The other option of course would be to basically construct one or maybe 2 very broad archetypes from each source and then do it all with subclassing. In that case you'd have say fighter and rogue, and then subclass to paladin, ranger, thief, assassin, etc. (with obvious cross-source on some of them).

the problem with this is that it would be a concept tax in practice. if I am just playing a fighter I get to pick any subclass or feature I want. if I want to play a paladin I have no choice of subclass or feature I have to pick the "paladin" subclass.

I don't understand this. If you are a 'fighter' you pick things that work for the fighter. If you want to do something that a subclass does, you have to be in that subclass, which STILL gives you access to all the fighter stuff.

So, paladin gets fighter AND paladin, ranger gets fighter AND ranger. Honestly I would assume that EVERY PC would join some subclass or at least have a theme.
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PostSubject: Re: My 4e Clone: Points of Light   Mon Sep 22, 2014 12:19 pm

Chris24601 wrote:
AbdulAlhazred wrote:
Having played with building a class hierarchy in a few different ways myself I think its all basically semantics. You end up with roughly 3 'layers', which 4e called Source, Class, and Theme/Subclass (they weren't too coherent at the lowest level). You can shift a whole lot of stuff into source, but then you simply turn it into what is now in 4e class. You can shift more things down into Theme or Subclass, but in effect those become classes and your classes end up more like sources (with basically everything under 'wizard', and if you have other arcane classes they're barely different). What really matters is what can be combined with what, that's the expressiveness part of the system. You want to maximize that, AND at the same time guide people so they can make their thematically desirable choices.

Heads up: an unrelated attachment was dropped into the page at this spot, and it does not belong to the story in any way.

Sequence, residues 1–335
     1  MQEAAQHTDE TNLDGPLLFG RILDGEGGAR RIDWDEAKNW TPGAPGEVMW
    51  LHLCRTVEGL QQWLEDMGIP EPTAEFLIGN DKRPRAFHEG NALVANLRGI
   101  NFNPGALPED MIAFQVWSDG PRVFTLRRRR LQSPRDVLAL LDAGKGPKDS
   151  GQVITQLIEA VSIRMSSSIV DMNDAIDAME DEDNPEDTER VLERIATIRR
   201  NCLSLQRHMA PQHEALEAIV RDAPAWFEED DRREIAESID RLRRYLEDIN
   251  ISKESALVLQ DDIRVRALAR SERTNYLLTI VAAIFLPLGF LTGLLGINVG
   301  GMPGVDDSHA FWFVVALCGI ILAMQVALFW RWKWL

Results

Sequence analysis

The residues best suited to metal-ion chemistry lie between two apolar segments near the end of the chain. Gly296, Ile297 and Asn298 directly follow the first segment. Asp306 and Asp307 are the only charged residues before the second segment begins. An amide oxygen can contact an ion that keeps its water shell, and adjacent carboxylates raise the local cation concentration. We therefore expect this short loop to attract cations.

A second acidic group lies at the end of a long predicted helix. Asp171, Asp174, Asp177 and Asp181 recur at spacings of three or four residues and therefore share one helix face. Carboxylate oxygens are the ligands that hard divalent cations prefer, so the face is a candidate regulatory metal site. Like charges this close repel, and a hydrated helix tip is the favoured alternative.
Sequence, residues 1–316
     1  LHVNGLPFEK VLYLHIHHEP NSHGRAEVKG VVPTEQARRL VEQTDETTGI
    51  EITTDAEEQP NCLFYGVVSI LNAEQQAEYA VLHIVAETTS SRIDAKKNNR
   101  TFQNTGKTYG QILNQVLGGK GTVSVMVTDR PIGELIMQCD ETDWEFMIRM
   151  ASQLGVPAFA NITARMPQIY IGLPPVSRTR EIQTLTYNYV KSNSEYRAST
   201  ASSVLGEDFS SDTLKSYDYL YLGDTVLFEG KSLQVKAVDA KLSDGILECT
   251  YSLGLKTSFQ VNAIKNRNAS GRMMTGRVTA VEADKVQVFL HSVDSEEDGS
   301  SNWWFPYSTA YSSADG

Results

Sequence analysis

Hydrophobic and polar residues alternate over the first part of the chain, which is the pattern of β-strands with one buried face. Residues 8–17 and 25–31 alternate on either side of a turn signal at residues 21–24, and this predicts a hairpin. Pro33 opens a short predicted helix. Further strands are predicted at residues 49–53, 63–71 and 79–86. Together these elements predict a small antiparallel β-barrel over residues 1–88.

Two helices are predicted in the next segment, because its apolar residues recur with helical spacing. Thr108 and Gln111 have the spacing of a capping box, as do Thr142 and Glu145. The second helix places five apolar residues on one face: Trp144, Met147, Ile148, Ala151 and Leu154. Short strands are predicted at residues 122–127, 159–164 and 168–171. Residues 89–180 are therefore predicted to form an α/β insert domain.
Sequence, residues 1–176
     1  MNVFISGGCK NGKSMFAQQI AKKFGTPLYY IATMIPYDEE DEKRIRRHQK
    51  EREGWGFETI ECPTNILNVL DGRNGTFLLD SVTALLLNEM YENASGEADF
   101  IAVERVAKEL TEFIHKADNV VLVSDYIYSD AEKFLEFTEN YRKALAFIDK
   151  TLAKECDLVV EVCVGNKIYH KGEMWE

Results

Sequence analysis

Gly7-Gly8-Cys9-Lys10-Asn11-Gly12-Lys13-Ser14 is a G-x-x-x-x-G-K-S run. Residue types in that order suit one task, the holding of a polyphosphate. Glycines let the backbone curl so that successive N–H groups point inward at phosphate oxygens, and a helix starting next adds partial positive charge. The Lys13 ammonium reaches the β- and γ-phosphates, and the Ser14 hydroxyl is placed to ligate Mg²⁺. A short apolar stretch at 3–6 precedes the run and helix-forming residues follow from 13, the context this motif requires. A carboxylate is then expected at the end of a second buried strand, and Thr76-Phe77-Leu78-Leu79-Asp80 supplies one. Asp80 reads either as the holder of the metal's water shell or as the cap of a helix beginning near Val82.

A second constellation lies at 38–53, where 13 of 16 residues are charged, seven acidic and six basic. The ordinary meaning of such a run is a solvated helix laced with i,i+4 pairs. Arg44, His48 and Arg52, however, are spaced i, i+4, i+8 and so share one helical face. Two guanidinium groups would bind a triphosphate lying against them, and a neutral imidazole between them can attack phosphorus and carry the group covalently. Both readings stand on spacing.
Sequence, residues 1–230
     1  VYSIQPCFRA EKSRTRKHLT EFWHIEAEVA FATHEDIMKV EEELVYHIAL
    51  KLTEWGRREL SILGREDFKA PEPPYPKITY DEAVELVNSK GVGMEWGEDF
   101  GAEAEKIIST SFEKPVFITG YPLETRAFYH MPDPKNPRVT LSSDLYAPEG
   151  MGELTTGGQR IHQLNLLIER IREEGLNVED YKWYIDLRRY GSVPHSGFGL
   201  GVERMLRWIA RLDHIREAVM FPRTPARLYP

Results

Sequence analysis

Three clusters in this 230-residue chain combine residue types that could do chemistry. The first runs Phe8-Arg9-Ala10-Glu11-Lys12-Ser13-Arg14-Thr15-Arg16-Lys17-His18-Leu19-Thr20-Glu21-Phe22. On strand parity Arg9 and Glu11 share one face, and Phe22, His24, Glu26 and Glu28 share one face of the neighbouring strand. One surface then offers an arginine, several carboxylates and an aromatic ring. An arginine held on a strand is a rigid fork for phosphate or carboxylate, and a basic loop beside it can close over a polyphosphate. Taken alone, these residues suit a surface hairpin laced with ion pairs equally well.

That said, I do there are some mixes that are better than others for accomplishing a given play-style goal.

In my case I view the class selection system as a series of nested options to help define the type of hero you want your character to be. First you pick your broad heroic type (source); are you a hero who relies on their strength or skill? Do you wield arcane power? Do you receiver power from a divine being? Do you have power through your alliances with primal spirits? From there you start narrowing it down (class). Are you a strong hero? a fast hero? a guile hero? Then you narrow it down still further (build). Do you use your strength to protect your allies or do you use it to hammer your foes?